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What Is Aromatherapy?


Aromatherapy, also referred to as essential oil therapy, which is used to improve physical and emotional well-being. The oils are mainly extracted by distilliation from herbs, flowers, gums, fruits, roots and seed. They possess individual qualities that can help heal, balance, harmonize within in the mind body and spirit.


It was the French perfumer and chemist, Rene- Maurice Gattefosse, who coined the term “aromatherapie” in 1937 with his publication of a book by that name. His book “Gattefosse’s Aromatherapy” contains early clinical findings for utilizing essential oils for a range of physiological and psychogical ailments.

Equine Holistic Massage

How Does Aromatherapy Work?


When a horse is unwell, suffering from from an emotional or physical disorder, it would in its natural habitat seek out the correct plant or herb to retore itself to health. Today however horses are rarely in their natural habitat and do not have the freedom of choice and, need to rely on us for their well-being. Aromatherapy offers a form of treatment that allows the horse and its therapist to combine their efforts working together, as the horse is given the chance to participate in the selection of the oils that are needed.


Horses are very sensitive to smell and will instinctively smell the essential oils in the correct way. When the therapist offers them the oils to smell, they will first smell with one nostril, which connects to the other side of the brain, then turn, if interested, and smell with the other nostril which connects to the other side of the brain. If the aroma offers no therapautic value the horse will turn away from it. It is also quite common for the horse to curl the lip, flare both nostrils or try to nibble at the bottle if they are interested, or put their ears back and move away if not interested.


These are a couple of ways aromatherapy oils can be used:


  1. Smell - the nerves used to smell are found high up inside of the nose and they connect directly to the brain. The tiny molecules of the oils are released into the air and they stimulate the smell (olfactory) nerve cells. This then sets off a reaction in the body both emotionally and physically.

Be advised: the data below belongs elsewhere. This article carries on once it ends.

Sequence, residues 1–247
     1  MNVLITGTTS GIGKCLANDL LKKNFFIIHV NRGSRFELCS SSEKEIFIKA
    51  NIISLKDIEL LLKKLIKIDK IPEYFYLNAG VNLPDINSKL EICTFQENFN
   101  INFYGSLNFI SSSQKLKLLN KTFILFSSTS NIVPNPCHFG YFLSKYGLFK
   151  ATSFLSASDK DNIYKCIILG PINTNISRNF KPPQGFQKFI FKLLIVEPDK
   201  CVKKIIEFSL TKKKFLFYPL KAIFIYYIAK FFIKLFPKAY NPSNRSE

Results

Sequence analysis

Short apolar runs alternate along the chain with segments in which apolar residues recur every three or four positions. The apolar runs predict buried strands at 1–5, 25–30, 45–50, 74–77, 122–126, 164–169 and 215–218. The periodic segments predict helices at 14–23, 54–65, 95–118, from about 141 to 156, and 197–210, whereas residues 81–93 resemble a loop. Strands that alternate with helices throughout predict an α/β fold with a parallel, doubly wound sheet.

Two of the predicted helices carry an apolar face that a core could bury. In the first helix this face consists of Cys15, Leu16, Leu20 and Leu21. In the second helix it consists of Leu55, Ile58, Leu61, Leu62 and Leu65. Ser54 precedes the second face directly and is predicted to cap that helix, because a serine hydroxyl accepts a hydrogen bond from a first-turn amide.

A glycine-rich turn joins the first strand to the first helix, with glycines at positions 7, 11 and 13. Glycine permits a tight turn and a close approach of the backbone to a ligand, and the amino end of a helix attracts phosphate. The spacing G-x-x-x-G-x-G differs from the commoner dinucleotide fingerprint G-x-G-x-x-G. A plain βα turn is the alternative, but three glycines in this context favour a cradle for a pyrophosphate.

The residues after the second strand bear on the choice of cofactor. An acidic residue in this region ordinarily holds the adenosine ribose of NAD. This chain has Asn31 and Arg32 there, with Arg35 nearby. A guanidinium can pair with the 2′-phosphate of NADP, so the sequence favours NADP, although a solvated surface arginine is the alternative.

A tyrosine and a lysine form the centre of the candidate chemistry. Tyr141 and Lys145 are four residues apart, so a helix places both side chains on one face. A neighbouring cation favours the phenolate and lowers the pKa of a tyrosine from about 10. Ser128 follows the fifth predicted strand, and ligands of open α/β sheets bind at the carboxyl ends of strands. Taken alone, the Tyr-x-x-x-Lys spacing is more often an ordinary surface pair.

2. Massage - the oils are diluted into a carrier oil or my preferred base (aloe vera gel) which is then massaged into the body. This works well when combining it with the efflerage, which is applied at the start of the massage which is explained in detail on the massage page.


Some of the benefits of essential oils:
  • Bergamont - Uplifting, balancing and helps kill airborne bacteria.
  • Carrot Seed - Stimulates the healing progress, nourishes cells.
  • Camomille - Soothes irritated skin and an anti-inflammatory.
  • Clary Sage - Good for nervous, irritable and panicky horses
  • Eucalyptus - Infections of the respiratory tract, allergies and helps kill airborne bacteria.
  • Fennel - Digestive stimulant.
  • Frankincense - Fear and anxiety
  • Grapefruit - Refreshing and uplifting.
  • Jasmine - Fear and anxiety - weavers often respond well to this.
  • Juniper Berry - Diuretic helps clean toxins and very good for arthritis.
  • Lavender - Soothing and calming, helps prevent scarring of burns and wounds
  • Lemon - Cleansing and uplifting, immune stimulant.
  • Neroli - Sadness (depression due to change of stable or stable companion which effect the heart)
  • Patchouli - Warming and comforting
  • Peppermint - Aches and sprain, anti-inflammatory and good for circulation
  • Rose - Resentment, anger and past trauma and abuse
  • Rosemary - Cleansing and stimulates circulation.
  • Sandlewood - Emotionally soothing and relaxing.
  • Tea Tree - Antiseptic, antiviral and antifungal.
  • Vetiver - Deeply relaxing and very grounding.
  • Ylang Ylang - Comforting and relaxing.
Please Note: the above is only a very brief outline to some of the many oils and their healing benefits. The information is only intended as a taster of how the essential oils could help. Please do not try any of these remedies yourself without veterniary consent and advice from a qualified aromatherapist. Most of the essential oils are highly concentrated, so need to be well diluted, and if not diluted appropriatly they can cause harmful reactions.
Horses can react like this to a essential oil that they need !
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